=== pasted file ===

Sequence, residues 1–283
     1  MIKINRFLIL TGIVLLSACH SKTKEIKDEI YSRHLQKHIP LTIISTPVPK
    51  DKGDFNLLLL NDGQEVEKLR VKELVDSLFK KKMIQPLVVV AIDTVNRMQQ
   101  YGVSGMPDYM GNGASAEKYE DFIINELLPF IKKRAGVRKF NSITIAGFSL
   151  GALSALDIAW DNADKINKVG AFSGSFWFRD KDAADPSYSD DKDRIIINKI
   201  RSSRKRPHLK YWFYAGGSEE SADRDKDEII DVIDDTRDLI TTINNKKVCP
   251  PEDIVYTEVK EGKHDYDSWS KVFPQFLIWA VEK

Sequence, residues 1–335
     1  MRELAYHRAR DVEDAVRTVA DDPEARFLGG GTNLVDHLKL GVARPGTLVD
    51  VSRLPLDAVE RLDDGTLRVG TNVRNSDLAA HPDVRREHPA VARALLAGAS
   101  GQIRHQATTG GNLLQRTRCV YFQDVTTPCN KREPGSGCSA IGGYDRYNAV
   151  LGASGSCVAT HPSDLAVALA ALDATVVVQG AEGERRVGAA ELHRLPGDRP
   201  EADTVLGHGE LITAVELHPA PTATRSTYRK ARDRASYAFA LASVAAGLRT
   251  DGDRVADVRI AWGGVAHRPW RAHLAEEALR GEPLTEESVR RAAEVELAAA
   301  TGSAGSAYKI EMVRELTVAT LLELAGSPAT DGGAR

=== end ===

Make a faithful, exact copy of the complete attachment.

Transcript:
Sequence, residues 1–283
     1  MIKINRFLIL TGIVLLSACH SKTKEIKDEI YSRHLQKHIP LTIISTPVPK
    51  DKGDFNLLLL NDGQEVEKLR VKELVDSLFK KKMIQPLVVV AIDTVNRMQQ
   101  YGVSGMPDYM GNGASAEKYE DFIINELLPF IKKRAGVRKF NSITIAGFSL
   151  GALSALDIAW DNADKINKVG AFSGSFWFRD KDAADPSYSD DKDRIIINKI
   201  RSSRKRPHLK YWFYAGGSEE SADRDKDEII DVIDDTRDLI TTINNKKVCP
   251  PEDIVYTEVK EGKHDYDSWS KVFPQFLIWA VEK

Sequence, residues 1–335
     1  MRELAYHRAR DVEDAVRTVA DDPEARFLGG GTNLVDHLKL GVARPGTLVD
    51  VSRLPLDAVE RLDDGTLRVG TNVRNSDLAA HPDVRREHPA VARALLAGAS
   101  GQIRHQATTG GNLLQRTRCV YFQDVTTPCN KREPGSGCSA IGGYDRYNAV
   151  LGASGSCVAT HPSDLAVALA ALDATVVVQG AEGERRVGAA ELHRLPGDRP
   201  EADTVLGHGE LITAVELHPA PTATRSTYRK ARDRASYAFA LASVAAGLRT
   251  DGDRVADVRI AWGGVAHRPW RAHLAEEALR GEPLTEESVR RAAEVELAAA
   301  TGSAGSAYKI EMVRELTVAT LLELAGSPAT DGGAR